The way that Metaphysics as a Guide to Morals begins may seem perplexing since it does not state in a clear way what the aims and purposes of the book are, nor does it say anything about methodology. This chapter aims to show how this peculiar opening, rightly understood, functions as an entrance to an understanding of the book as a whole, and to make clear why the opening chapter’s focus on the concept of art is the right place to start. Murdoch’s view of metaphysics is that we are always guided by a worldview, i.e. by unified images that are historical and changing. Art functions as a mirror of its time that help to bring the background of our lives and thoughts into view.
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This is part 2 och an interview with Prof. J. Conant, conducted by Niklas Forsberg.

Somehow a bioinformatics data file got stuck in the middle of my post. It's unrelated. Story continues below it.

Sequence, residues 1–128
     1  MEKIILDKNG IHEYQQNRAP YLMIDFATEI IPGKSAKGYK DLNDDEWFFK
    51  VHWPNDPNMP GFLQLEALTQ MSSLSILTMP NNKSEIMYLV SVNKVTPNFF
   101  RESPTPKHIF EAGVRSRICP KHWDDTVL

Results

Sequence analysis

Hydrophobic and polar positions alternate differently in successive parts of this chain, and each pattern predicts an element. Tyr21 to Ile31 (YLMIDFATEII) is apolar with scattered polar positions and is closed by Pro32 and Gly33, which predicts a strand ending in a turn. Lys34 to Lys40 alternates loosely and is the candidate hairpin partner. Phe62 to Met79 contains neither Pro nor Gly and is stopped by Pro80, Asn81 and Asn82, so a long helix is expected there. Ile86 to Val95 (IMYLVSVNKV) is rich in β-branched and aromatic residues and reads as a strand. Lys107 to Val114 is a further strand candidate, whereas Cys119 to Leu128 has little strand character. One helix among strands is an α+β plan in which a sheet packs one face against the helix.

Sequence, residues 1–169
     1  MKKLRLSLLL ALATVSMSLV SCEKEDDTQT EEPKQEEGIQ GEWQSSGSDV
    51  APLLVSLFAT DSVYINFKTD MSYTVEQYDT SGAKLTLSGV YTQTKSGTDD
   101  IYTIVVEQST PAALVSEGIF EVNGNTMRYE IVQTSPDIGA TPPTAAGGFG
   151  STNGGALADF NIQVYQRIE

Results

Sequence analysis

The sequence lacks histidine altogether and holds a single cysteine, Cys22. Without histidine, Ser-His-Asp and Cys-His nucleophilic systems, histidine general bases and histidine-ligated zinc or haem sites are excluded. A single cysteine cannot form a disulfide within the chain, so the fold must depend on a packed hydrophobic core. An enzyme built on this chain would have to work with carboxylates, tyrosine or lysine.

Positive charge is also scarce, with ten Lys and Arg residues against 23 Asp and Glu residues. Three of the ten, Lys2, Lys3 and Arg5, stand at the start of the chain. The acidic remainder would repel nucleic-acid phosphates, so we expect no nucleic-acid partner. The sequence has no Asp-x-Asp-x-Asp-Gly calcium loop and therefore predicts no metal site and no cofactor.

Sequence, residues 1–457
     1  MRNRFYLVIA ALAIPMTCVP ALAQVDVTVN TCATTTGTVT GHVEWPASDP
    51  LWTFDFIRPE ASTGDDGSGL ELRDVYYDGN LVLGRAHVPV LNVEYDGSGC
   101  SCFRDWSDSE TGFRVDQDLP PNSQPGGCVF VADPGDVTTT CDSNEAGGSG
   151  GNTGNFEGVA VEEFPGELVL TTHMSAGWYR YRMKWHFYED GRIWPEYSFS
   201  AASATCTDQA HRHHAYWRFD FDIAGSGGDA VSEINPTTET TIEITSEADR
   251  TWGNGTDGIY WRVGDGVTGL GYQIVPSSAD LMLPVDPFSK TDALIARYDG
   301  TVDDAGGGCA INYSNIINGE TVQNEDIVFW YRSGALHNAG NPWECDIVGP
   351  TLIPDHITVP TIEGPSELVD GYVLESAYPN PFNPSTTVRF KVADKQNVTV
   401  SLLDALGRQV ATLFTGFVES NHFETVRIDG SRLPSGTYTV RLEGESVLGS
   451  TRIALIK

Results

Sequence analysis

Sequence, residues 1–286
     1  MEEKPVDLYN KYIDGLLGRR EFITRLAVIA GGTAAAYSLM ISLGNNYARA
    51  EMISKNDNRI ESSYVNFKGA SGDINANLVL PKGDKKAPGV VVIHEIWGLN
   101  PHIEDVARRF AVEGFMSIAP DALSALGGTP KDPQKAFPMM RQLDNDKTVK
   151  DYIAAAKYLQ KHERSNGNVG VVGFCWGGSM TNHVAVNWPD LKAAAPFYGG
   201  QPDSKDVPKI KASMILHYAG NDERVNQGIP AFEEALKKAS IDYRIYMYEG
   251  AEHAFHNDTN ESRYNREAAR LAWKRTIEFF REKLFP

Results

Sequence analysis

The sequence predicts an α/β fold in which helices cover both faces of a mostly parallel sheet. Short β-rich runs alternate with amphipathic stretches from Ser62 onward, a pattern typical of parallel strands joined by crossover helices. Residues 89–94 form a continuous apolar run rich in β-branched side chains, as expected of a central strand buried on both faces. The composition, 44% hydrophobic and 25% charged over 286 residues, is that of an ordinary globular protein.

In this 1989 book Rorty argues that thinkers such as Nietzsche, Freud, and Wittgenstein have enabled societies to see themselves as historical contingencies, rather than as expressions of underlying, ahistorical human nature or as realizations of suprahistorical goals. This ironic perspective on the human condition is valuable on a private level, although it cannot advance the social or political goals of liberalism. In fact Rorty believes that it is literature not philosophy that can do this, by promoting a genuine sense of human solidarity. A truly liberal culture, acutely aware of its own historical contingency, would fuse the private, individual freedom of the ironic, philosophical perspective with the public project of human solidarity as it is engendered through the insights and sensibilities of great writers. The book has a characteristically wide range of reference from philosophy through social theory to literary criticism. It confirms Rorty's status as a uniquely subtle theorist, whose writing will prove absorbing to academic and nonacademic readers alike.